The health benefits of exercise therapy for patients with Down syndrome: a systematic review
Ellapen, Terry J.
Hammill, Henriette V.
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Background: Many patients with Down syndrome (PWDS) have poor cardiometabolic risk profiles, aerobic capacities and weak hypotonic muscles, primarily because of physical inactivity and poor diet. Objectives: This study discusses the benefits of exercise therapy on body composition, aerobic capacity, muscle strength, proprioception and cardiometabolic profiles of PWDS. Methods: A literature review using the Crossref metadatabase, following Preferred Reporting Items for Systematic Reviews and Meta-Analyses (PRISMA), focusing on the period 2007-2018, was undertaken. Each record was judged adopting the modified Downs and Black Appraisal Scale. The literature investigation identified 15 701 records. Records were excluded if they were published before 2007, pertained to the impact of exercise on intellectual disabilities beyond Down syndrome or the impact of medical, pharmaceutical, nutrition and psychological interventions among PWDS and were published in languages besides English. Nineteen articles were synthesised into this commentary. Results: PWDS have a heightened cardiometabolic risk profile and high oxidative stress associated with elevated insulin resistance, poor insulin sensitivity, atherosclerosis and hypertension. PWDS have low aerobic capacity (VO2max), peak heart rates, muscle strength, agility and balance. Regular physical activity is beneficial to improve their VO2max and muscle strength. Moreover, regular physical activity reduces lipid peroxidation and arterial cell wall damage, the pathogenesis of atheroma is limited. Conclusion: Exercise therapy compliance seems to have a positive impact on the cardiometabolic risk profile, muscle strength and aerobic work capacity of PWDS. Nonetheless, additional vigorous experimental investigations are necessary to better understand the effect of exercise therapy on the aerobic, strength, proprioception and cardiometabolic risk profile of PWDS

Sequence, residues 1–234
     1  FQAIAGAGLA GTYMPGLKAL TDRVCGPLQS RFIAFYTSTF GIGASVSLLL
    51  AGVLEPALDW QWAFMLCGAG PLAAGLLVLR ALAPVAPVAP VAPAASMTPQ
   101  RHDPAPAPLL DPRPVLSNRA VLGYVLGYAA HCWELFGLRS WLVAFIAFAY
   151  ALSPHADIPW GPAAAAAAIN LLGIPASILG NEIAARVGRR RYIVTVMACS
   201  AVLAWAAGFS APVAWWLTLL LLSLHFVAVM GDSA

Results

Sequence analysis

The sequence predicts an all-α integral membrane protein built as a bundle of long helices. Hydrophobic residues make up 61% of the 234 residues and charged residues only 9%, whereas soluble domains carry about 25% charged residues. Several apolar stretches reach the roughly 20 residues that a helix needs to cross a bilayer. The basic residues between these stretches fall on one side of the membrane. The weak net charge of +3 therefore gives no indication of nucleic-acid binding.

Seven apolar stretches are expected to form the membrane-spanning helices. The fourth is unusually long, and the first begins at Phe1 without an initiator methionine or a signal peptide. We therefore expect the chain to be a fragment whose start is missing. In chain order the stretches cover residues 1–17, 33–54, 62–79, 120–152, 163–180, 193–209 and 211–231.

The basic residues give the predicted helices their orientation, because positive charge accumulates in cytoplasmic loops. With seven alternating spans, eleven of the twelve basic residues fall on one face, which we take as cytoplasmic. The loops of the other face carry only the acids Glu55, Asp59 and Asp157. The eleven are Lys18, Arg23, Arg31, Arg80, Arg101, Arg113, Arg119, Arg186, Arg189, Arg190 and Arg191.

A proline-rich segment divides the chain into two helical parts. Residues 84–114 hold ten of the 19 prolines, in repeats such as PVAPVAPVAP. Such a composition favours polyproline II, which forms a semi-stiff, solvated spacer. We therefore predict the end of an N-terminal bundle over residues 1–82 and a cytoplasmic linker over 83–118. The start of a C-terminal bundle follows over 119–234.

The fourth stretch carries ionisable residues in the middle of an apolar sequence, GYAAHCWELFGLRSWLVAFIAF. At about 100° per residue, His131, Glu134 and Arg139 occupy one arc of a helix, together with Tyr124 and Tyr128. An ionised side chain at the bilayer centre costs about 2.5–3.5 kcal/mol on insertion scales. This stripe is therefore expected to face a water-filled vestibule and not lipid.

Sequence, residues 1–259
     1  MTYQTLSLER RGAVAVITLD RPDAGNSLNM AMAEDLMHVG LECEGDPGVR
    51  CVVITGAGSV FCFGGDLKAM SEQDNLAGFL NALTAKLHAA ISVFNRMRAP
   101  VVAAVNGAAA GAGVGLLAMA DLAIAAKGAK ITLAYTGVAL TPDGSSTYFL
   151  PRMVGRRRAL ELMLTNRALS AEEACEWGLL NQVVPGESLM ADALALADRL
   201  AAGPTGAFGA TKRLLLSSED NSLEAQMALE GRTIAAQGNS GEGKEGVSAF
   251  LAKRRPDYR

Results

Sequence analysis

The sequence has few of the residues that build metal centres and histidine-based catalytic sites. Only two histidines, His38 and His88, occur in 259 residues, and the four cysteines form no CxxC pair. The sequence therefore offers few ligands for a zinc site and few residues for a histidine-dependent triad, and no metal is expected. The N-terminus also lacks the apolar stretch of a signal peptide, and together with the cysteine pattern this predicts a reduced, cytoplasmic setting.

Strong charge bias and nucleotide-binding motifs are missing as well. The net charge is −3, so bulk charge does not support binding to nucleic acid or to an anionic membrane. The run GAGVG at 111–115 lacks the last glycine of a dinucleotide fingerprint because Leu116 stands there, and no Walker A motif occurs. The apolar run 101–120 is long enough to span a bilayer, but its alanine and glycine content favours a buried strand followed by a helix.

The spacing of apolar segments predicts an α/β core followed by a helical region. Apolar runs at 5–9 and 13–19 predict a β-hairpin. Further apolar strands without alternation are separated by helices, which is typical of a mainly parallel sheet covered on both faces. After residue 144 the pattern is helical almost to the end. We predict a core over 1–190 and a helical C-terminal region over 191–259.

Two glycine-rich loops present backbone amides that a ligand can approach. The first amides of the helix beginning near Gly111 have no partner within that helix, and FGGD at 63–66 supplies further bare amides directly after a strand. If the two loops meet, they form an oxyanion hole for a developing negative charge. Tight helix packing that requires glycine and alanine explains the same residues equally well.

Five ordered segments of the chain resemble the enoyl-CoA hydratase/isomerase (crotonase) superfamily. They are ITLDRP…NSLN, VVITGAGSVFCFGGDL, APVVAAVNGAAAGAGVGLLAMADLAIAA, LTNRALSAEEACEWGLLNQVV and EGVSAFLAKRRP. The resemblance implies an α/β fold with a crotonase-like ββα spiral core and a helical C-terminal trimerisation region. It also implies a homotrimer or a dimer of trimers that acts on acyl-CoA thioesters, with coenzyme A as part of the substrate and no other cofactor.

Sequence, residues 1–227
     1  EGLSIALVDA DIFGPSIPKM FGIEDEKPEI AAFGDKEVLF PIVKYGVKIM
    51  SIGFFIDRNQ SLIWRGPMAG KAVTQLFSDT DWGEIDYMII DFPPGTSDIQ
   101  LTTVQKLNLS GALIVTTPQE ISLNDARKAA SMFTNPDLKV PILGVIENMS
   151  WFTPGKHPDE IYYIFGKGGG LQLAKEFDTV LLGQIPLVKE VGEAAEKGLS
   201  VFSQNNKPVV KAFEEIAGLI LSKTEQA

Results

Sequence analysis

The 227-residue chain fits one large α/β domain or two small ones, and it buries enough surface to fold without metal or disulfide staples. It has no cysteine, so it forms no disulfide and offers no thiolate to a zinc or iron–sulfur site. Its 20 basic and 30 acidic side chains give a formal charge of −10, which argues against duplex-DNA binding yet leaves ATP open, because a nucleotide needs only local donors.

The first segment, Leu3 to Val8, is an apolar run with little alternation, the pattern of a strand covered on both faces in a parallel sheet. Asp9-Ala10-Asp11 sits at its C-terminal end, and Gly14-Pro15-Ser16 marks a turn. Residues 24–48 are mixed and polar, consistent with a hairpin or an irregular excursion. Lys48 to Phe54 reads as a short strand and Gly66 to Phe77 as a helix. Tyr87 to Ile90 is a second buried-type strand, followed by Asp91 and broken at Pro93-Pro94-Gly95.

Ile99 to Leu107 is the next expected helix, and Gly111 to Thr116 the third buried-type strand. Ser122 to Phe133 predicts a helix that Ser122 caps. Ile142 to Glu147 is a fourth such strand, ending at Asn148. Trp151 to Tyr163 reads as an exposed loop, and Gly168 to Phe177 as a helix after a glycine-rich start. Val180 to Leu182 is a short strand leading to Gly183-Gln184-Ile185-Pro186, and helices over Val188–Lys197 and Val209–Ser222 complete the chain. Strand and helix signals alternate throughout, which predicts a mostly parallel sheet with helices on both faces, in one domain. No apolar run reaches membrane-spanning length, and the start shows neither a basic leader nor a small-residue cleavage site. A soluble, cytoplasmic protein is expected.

- Faculty of Health Sciences